[box cover]

The Third Wheel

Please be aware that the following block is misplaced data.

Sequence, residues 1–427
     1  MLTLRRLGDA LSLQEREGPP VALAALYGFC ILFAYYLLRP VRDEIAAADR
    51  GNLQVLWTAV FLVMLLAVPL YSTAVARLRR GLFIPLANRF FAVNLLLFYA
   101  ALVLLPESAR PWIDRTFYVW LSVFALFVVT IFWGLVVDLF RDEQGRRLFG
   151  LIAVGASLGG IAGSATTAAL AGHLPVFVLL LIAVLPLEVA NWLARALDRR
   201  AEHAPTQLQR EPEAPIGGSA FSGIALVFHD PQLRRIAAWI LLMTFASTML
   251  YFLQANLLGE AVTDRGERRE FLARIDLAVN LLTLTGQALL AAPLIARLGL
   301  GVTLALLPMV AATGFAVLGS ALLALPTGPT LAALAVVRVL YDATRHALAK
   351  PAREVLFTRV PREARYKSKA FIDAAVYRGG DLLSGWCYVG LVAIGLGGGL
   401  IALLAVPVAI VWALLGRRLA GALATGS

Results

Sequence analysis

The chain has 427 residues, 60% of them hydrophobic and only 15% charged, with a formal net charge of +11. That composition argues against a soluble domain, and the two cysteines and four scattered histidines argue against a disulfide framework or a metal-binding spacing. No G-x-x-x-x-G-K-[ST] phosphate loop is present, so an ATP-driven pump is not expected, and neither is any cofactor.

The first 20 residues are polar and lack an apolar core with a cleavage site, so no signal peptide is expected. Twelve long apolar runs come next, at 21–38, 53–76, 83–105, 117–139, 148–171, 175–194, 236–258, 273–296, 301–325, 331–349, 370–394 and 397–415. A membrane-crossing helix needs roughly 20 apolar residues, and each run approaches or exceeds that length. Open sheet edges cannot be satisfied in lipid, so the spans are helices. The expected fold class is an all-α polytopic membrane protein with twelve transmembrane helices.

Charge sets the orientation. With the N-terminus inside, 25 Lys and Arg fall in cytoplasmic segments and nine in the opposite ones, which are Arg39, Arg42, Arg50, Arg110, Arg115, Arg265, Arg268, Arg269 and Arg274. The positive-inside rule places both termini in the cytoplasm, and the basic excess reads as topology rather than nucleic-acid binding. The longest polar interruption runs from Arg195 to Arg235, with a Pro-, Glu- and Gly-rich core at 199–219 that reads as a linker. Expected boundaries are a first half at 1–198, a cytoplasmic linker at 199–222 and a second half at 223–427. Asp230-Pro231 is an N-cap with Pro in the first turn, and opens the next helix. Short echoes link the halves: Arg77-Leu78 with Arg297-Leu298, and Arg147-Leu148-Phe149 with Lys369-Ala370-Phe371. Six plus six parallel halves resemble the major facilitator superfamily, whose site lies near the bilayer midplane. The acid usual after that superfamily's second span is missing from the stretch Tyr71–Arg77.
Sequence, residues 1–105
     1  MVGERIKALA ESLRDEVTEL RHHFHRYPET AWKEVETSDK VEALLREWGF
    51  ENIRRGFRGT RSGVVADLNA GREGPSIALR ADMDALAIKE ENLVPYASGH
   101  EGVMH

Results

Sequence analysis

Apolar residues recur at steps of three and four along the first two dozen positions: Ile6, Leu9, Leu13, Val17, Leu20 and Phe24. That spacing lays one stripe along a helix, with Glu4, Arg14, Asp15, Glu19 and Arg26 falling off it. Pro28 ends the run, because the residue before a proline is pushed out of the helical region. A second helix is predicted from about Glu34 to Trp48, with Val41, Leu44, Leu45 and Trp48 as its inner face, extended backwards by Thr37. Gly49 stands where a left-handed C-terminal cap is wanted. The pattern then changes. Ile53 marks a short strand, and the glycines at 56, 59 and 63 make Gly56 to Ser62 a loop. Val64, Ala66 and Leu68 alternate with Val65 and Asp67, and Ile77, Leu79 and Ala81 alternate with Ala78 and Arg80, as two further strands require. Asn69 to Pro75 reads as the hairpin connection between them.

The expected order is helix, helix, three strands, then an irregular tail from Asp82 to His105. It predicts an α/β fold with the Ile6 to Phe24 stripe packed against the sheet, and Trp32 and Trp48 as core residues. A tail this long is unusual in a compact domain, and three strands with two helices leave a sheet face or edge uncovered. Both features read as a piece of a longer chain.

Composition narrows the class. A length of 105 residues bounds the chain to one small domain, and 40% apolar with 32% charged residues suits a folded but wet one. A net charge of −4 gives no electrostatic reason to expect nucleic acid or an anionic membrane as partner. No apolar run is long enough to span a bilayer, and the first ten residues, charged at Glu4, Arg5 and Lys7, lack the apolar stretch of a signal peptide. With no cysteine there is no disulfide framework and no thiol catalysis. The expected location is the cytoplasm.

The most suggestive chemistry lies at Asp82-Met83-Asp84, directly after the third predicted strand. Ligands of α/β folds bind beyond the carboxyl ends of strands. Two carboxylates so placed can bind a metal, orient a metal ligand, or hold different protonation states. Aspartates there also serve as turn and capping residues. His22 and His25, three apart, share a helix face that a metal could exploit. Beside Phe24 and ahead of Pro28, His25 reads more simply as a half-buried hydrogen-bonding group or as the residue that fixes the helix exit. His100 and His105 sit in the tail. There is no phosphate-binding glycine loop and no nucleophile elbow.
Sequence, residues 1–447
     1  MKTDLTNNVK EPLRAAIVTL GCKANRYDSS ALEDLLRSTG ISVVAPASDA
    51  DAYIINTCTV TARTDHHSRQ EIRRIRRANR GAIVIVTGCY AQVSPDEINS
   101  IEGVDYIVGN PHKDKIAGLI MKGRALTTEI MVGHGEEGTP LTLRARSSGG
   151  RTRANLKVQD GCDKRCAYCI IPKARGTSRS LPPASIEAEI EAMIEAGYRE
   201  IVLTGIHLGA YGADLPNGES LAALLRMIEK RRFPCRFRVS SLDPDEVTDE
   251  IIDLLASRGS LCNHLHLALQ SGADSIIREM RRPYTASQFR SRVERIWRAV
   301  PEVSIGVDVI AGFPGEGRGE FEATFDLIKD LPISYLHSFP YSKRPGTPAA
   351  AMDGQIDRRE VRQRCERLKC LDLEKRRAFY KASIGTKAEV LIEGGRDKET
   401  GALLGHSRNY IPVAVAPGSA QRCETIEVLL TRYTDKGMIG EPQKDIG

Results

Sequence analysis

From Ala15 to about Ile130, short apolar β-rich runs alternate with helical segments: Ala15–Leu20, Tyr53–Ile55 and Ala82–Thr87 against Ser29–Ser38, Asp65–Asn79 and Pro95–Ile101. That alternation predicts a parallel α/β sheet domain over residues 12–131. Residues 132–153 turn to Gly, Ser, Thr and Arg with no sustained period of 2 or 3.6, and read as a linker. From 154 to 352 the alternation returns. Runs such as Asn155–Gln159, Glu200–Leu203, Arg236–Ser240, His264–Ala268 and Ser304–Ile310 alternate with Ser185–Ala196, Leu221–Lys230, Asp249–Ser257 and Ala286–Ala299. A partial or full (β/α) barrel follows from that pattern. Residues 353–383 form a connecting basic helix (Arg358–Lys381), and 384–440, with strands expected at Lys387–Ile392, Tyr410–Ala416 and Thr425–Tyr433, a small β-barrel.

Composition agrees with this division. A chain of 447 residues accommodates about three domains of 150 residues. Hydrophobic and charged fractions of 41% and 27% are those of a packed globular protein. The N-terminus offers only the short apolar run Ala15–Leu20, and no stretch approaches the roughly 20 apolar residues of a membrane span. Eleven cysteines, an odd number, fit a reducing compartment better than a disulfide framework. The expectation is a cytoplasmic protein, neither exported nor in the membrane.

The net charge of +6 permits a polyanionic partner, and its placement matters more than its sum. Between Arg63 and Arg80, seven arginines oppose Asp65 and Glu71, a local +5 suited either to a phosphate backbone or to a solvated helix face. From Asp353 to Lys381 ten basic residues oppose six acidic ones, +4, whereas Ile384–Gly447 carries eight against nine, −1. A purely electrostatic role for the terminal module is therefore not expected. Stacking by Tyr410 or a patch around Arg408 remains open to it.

Though most celebrities have numerous skeletons in their closet, the Weinstein Brothers' mini-studio Miramax (and Dimension) have had more movies buried than Elizabeth Taylor has had lovers and husbands. For some reason, 2004 seems the year many of the skeletons have been unearthed; it brought out Buffalo Soldiers to DVD, Shaolin Soccer (2001) has received limited release, Hero (2002) is on track for release (with Tarantino attached), Billy Bob Thorton's long delayed Daddy and Them was put onto DVD, and now Miramax finally has unearthed The Third Wheel (1998). Wheel was the first Matt-Damon-and-Ben-Affleck-produced effort following their Oscar-winning 1997 success Good Will Hunting — only the brothers Weinstein thought it might sully their career, so it was hid away in the interim, only to be released in foreign territories in 2002. Like Next Stop Wonderland (1998) — another Weinstein pick-up that flopped — the film is so slight that it's easy to see why they thought they'd have trouble marketing it. But on its own merits, it's relatively harmless. Luke Wilson stars as Stanley, a shy office worker who's immediately attracted to Diana (Denise Richards) when she joins his workplace, but it becomes obvious at a Christmas party that she's got a boyfriend. When she's finally single — more than a year later — Stanley finally makes a move, to the delight of his co-workers. They feel so involved with Stanley's date that, through co-worker Michael (Ben Affleck), a betting pool on how long the date will last is established, while Michael arranges a party and spies to track Stanley's progress. But things get complicated when Stanley literally runs over Phil (Jay Locopo), a homeless guy who finagles his way to follow them on their date. It seems Phil's glass collection was damaged when the two collided, and Stanley can't find an operating cash machine to properly pay Phil back. But Phil is not what he seems, and like Bill Murray's gangster character in Mad Dog and Glory, he is both a hindrance and benevolent angel to Stanley's character. First dates tend to be hard and awkward for both parties, and drawing the comedy of discomfort out of this situation is the film's biggest problem (and many of the jokes fall totally flat), but both Wilson and Richards generate enough charm and likability to suffer through some of the script's more awkward comedic moments. The two generate enough chemistry for this to be a passable rom-com, though both are ably assisted by comedic turns by Matt Damon and SNL alum David Koechner. Directed by Jordan Brady, The Third Wheel shows all the earmarks of films of its period; it's a relationship comedy shot in that hand-held, low-budget style that seemed to be the stock-in trade for all movies of this type and era (including — but not limited to — Walking and Talking and Chasing Amy). Miramax presents the title in anamorphic widescreen (1.85:1) and Dolby Digital 5.1 audio. Extras consist of a Duplex trailer and a Miramax promotional reel. Keep-case.

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